What are the side effects of a bronchoscopy?

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asked Aug 29, 2022 in Other- Health by Zrunmbley (1,060 points)
What are the side effects of a bronchoscopy?

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answered Aug 29, 2022 by 12iroanges (25,000 points)
The side effects of a bronchoscopy include fever, collapsed lung and fever.

Fever is a relatively common side effect after bronchoscopy but is not always a sign of infection.

In rare cases, an airway may be injured during bronchoscopy.

Bleeding is also more likely if a biopsy was taken.

Usually though the bleeding from a bronchoscopy is minor and stops without treatment.

Bronchoscopy is not considered surgery because the doctor only sticks a tube down your mouth and throat and does not cut into you.

The bronchoscopy is simply just a medical test that lets your doctor look into your lungs and airways.

The bronchoscopy procedure uses a thin tube with a small camera and light at the end.

The doctor inserts it through your nose or mouth, down your throat, and into your lungs.

Most of the time, the tube for a bronchoscopy is soft and flexible.

You are awake when you have a bronchoscopy although you will be given medication to relax you and be sedated but awake and you will also be given some liquid medicine that numbs your throat and nose.

So you should not feel any pain during the bronchoscopy although there might be some slight discomfort.

The most common complication during a bronchoscopy is airway manipulation/trauma and bleeding.

Other complications that can occur from a bronchoscopy include.

Bleeding.
Infection.
Hole in the airway (bronchial perforation)
Irritation of the airways (bronchospasm)
Irritation of the vocal cords (laryngospasm)
Air in the space between the lung covering (pleural space) that causes the lung to collapse (pneumothorax)

A bronchoscopy biopsy is a diagnostic procedure in which a doctor puts a flexible tube that's about as wide as a pencil into your mouth or nose, and from there into your lungs.

 A light and camera then helps guide tiny tools that take cells from your lung out through the tube.

Bronchoscopy can help your doctor diagnose many lung diseases, including infections from bacteria, viruses, fungi, parasites, or tuberculosis.

It can also help find lung inflammation from allergic-type reactions and help diagnose lung cancer or other lung diseases.

After a bronchoscopy there may be some slight pain in the throat or a sore throat and possibly cough, muscle aches and hoarseness which is normal.

You can gargle with warm water or use throat lozenges to help ease the pain and discomfort.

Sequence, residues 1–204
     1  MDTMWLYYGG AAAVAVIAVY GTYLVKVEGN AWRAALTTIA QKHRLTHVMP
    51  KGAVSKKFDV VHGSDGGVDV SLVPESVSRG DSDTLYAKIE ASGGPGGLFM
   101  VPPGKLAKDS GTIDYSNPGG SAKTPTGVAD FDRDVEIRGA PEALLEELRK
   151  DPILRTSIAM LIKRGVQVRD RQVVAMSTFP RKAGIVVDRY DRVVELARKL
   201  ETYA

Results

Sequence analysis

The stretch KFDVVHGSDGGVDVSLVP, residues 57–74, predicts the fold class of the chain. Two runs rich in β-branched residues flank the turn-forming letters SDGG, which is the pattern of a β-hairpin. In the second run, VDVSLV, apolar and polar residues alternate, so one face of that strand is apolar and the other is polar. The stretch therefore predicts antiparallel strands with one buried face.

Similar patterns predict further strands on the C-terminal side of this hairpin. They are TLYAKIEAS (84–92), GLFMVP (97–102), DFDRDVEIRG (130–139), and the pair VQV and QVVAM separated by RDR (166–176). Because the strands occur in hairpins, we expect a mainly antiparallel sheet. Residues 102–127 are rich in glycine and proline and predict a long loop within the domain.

The contraindications of bronchoscopy include.

Uncooperative Patient:
Uncooperative or mentally deranged patients are not suitable candidates for fiberoptic bronchoscopy under local anesthesia.
Acute Myocardial Infarction:
Recent myocardial infarction, unstable angina and serious dysarrhythmias are relative contraindications for a bronchoscopy.
Acute respiratory failure with hypercapnia (unless the patient is intubated and ventilated)
High-grade tracheal obstruction.
Inability to adequately oxygenate the patient during the procedure.
Untreatable life-threatening arrhythmias.

You can eat before a bronchoscopy as long as you stop eating within 4 to 8 hours before the bronchoscopy.

Before your bronchoscopy you'll usually be asked not to eat or drink for four to eight hours before the procedure.

A bronchoscopy can detect TB.

A bronchoscopy is a very reliable method for the diagnosis of pulmonary tuberculosis, with low complication rates.

2 hours after the bronchoscopy you can resume eating.

After you have a bronchoscopy you can eat 2 hours after the bronchoscopy.

A bronchoscopy is safe for a child and the child will be sedated during the bronchoscopy.

The child undergoing a bronchoscopy may feel a bit of discomfort but they should not feel any pain.

You can have a bronchoscopy without sedation but doing so can be painful.

It's best to be sedated when you have the bronchoscopy done to avoid any pain and make it more comfortable to have the bronchoscopy done.

A bronchoscopy is an endoscopic technique of visualizing the inside of the airways for diagnostic and therapeutic purposes.

An instrument is inserted into the airways, usually through the nose or mouth, or occasionally through a tracheostomy.

Bronchoscopy is a procedure a doctor uses to look inside the lungs.

This is done with a bronchoscope, a thin, flexible tube with a light and a lens or small video camera on the end.

A bronchoscopy may be done to diagnose and treat lung problems such as: Tumors or bronchial cancer.

Airway blockage (obstruction) Narrowed areas in airways (strictures)

The bronchoscopy may feel uncomfortable, but it shouldn't hurt.

Your health care team will try to make you as comfortable as possible.

Samples of tissue and fluid may be taken and procedures may be performed using devices passed through the bronchoscope.

Bronchoscopy is done under "conscious" sedation.

You continue to breathe on your own but do not feel the discomfort of having the tube in your mouth or nose.

Bronchoscopy lets your doctor look at your airway through a tube called a bronchoscope.

Afterward, you may feel tired for 1 or 2 days.

Your mouth may feel very dry for several hours after the procedure.

You may also have a sore throat and a hoarse voice for a few days.

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